I recall vividly my law school moot court advisor telling me the famous phrase “If the facts are against you, argue the law. If the law is against you, argue the facts. If the law and the facts are against you scream like hell.” According to Wikipedia this quote is not attributed to a lawyer but rather to Carl Sandburg, a twentieth century author and poet best remembered for his biography of Abraham Lincoln.
One might have to go back all the way to Abraham Lincoln’s time to find a period in American history when the country was as polarized as it is today. No doubt watching the impeachment hearings last week bears that out and shows that there is something to Sandburg’s admonition. Certainly, many lawyers follow his advice.
No matter which side of the debate you are on in that controversy, it is hard to dispute that we have a lot of good lawyers in America. Both the counsel for the Democrats and Republicans, as well as many of the representatives (most of whom themselves were lawyers), are extremely sharp men and women who were able to quickly pounce on inconsistencies and weaknesses in the other side’s arguments. I for one was confused by who had the law right, who had the facts right and who was just screaming like hell.
Economic Theory versus Reality
I wonder if our economists are as good as our lawyers? If he thought about it, Carl Sandburg probably would have come up with a similar quote for economists. Something like “If the theory is against you argue the numbers, if the numbers are against you argue the theory, and if both are against you, yell we have to avoid recession!”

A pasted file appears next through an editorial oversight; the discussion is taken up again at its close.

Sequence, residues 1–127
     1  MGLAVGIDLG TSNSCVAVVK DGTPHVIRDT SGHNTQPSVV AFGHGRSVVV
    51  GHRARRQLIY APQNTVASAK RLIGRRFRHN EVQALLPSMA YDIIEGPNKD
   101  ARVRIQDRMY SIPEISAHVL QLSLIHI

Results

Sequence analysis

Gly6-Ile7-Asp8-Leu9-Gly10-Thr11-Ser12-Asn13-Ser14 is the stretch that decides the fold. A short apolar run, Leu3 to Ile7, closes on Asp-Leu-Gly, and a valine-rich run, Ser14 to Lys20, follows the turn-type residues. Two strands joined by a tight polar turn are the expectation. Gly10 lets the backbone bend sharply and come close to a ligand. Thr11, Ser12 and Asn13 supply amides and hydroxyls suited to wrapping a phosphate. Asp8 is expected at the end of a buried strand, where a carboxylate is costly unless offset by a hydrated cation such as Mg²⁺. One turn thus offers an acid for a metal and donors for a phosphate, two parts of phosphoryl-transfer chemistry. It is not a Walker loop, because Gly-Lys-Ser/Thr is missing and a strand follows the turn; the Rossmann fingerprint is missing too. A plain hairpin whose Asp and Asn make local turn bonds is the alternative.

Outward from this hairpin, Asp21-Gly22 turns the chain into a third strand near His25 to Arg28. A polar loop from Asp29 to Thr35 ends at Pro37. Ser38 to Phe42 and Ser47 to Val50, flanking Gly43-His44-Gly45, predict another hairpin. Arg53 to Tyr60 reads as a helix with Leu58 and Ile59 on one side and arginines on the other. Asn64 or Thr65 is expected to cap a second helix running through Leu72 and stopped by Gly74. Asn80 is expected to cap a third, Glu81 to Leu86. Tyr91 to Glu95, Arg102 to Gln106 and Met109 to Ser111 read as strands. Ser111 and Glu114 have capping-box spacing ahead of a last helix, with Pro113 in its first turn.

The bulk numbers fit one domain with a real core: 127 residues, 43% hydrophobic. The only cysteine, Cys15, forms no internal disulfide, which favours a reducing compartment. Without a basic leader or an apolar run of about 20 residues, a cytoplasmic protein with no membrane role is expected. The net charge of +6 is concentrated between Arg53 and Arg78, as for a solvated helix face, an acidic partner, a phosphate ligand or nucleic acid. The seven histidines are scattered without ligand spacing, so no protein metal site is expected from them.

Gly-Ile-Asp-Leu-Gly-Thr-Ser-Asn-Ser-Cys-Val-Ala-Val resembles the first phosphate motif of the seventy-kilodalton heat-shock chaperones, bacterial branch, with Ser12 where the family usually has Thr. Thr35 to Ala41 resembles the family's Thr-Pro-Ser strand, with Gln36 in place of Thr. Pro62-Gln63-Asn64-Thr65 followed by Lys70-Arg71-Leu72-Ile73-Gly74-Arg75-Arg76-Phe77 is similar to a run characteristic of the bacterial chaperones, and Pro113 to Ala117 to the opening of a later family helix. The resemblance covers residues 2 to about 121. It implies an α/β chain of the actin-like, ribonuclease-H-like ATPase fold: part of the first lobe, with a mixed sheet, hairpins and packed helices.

Back in the 1980’s, Ronald Reagan’s economists argued that government was too big and intrusive, yet they implemented spending increases (and tax cuts) that made the federal budget deficit explode, at least by standards of the day. Other economists, supporting Reagan’s opponents warned of all sorts of ominous results that would follow from these high deficits, most notably the reasonable fear that the government’s demand for credit would cause interest rates to rise. Nevertheless, for most of the 1980’s and early 90’s as deficits rose, interest rates fell.
In the early 1990’s it seemed that those economists might be right as interest rates steadily rose from 5.4% to nearly 8% in 1994 and 1995. The Clinton administration realized its future was dependent on stemming the increase. It was during this time that James Carville, the Clintons’ strategist famously quipped, “I used to think that if there was reincarnation, I wanted to come back as the president or the pope or as a .400 baseball hitter. But now I would like to come back as the bond market. You can intimidate everybody.” Thereafter deficits began to decline helped substantially by higher tax revenues from an economy in the midst of the internet boom and some moderation in spending growth. Interest rates have continued to decline ever since, albeit with some brief pauses, despite the fact that deficits began to rise again and have reached heights that would have been unthinkable during Ronald Reagan’s time.
Can Algebra Make Recessions Impossible?
How can this be? We are going to argue here that economic growth cannot be limitless when its current driver seems to defy either theory or the numbers (or both) that the economists claim. Recall that economic growth is defined as growth in Gross Domestic Product (GDP). In turn GDP is defined by the following formula: Y = C + I + G + (X-M) where “Y” is GDP, “C” is consumption, “I” is Investment, “G” is government spending, and “(X-M)” is net exports, i.e., exports minus imports. This measure of the wealth of a country is widely accepted by not only economist but politicians, the mainstream press and just about everyone.